Study Shows Some Used Cars Cost More Than New Ones

by ian

Karley Cicale, FISM News


One thing that never changes is the need for transportation. Usually the smartest economic choice is to buy a used car rather than a brand new one right off the lot. But, that logic has recently been turned on its head. 

If you’re in the market right now, it might actually be cheaper to buy a new car.  A recent study from the automotive research site identified 16 new vehicles that were cheaper than their slightly used counterparts, some of which cost thousands more to buy. 

There are two main contributing factors. FISM news has reported periodic updates about how the microchip shortage has affected various supply chains, including motor vehicles. This shortage, along with pandemic factors like shut down plants, have contributed to a diminished supply of cars that manufacturers still haven’t caught up with. 

The second factor is that used car sales have always outperformed new car sales. Data from 2015 data showed that 17.5 million new vehicles were sold, versus about 37 million used vehicles. With the current financial uncertainty, people are more likely to hang onto their cars, which diminishes the supply chain for used car dealers. The demand for used vehicles, however, is still high. In fact, it may be greater than before as many people, especially young, low income buyers, wouldn’t consider buying a new car as they come out of the pandemic.  Even with the desire to avoid a purchase, car leases continue their cycle of expiration and renewal, leaving many drivers with the decision of whether to continue a lease or make a purchase.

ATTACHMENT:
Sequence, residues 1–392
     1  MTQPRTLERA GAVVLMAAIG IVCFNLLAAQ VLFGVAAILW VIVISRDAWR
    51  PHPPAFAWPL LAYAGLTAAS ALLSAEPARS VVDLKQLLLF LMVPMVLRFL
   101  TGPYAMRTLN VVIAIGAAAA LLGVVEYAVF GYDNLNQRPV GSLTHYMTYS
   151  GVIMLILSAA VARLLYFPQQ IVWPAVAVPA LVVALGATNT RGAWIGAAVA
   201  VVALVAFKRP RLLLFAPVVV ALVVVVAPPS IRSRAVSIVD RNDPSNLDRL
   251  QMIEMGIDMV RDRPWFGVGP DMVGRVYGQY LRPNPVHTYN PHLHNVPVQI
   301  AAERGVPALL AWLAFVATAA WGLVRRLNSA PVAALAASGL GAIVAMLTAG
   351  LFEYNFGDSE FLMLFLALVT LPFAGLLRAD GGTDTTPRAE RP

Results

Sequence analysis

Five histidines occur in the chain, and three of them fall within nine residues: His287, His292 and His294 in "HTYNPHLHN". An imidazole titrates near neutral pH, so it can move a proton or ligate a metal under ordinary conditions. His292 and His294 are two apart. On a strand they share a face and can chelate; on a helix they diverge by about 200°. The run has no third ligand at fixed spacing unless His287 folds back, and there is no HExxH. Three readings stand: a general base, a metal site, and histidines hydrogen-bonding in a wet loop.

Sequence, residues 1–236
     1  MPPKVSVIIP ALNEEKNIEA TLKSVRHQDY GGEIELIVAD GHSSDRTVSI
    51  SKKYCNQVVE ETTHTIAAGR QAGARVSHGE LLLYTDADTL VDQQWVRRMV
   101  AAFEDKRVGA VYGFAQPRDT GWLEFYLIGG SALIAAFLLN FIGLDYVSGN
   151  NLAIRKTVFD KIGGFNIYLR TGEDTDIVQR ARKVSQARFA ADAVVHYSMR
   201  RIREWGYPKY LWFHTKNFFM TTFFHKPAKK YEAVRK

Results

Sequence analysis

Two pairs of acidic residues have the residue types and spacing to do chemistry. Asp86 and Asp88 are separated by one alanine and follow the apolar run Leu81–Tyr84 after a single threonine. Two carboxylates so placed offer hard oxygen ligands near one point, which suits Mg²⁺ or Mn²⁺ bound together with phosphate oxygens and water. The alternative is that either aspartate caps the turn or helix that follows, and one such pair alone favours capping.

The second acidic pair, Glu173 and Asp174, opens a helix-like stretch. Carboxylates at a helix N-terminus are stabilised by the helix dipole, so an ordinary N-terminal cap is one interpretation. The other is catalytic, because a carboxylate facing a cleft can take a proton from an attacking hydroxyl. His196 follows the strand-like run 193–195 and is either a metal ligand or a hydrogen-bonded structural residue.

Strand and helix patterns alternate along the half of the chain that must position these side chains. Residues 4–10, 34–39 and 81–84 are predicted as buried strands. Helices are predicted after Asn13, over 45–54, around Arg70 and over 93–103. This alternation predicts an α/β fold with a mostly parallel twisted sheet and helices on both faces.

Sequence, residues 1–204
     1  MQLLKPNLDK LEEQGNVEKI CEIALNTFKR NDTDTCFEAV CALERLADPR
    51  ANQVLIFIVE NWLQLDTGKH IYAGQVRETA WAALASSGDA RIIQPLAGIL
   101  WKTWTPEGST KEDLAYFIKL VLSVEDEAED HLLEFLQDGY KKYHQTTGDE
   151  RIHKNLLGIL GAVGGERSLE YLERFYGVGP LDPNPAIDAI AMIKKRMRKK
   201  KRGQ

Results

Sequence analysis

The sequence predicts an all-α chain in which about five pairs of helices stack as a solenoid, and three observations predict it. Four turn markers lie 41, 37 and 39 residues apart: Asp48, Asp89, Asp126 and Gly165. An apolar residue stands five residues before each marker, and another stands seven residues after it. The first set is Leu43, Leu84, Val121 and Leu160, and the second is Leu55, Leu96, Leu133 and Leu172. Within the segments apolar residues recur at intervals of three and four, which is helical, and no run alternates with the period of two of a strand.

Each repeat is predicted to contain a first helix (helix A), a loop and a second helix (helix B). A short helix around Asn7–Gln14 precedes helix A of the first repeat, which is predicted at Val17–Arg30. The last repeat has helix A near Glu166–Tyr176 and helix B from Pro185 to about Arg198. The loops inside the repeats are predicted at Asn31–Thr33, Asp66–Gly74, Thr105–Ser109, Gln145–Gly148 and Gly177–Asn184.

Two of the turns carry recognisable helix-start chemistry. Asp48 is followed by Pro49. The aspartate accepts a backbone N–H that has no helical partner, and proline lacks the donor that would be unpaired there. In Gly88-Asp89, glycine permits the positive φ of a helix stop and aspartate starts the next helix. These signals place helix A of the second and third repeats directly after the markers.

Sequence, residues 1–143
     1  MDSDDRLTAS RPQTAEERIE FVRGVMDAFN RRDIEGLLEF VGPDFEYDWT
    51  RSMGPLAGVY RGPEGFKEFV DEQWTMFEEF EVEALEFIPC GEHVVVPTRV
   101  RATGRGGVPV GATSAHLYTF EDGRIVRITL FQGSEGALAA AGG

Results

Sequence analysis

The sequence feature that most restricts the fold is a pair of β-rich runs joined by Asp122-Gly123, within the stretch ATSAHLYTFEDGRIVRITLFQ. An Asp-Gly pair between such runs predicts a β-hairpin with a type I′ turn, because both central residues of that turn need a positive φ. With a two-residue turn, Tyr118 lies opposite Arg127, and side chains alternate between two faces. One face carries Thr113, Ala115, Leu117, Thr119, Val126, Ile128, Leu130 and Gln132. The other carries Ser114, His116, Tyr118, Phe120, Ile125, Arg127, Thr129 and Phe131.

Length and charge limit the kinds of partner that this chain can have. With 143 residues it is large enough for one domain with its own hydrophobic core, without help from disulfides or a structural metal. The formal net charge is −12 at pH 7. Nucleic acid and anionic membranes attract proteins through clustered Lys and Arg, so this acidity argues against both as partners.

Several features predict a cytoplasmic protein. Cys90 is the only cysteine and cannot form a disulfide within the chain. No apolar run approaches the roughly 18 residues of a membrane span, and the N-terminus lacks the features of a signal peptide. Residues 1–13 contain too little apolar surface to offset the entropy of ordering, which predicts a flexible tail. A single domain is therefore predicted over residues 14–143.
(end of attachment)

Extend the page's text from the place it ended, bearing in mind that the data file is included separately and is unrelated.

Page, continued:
In early November, the average lightly used car cost nearly 11% less than its new counterpart, but in June that gap closed to just 3%. The average used car is now nearly 30 percent more expensive than it was before last year’s lockdowns .

For example, the Kia Telluride’s MSRP is $44,000 new on average , and currently, the average price for a used version is $47,000 – a difference of 8.1%, or around $3,000. 

Though this can appear like a paradoxical no-win situation, what comes up will always come down. There is an expected dip toward the end of the year, when many cars will reach their one year mark, and value inevitably diminishes. Until then, this trend may be the perfect opportunity to make a sale of your old vehicle.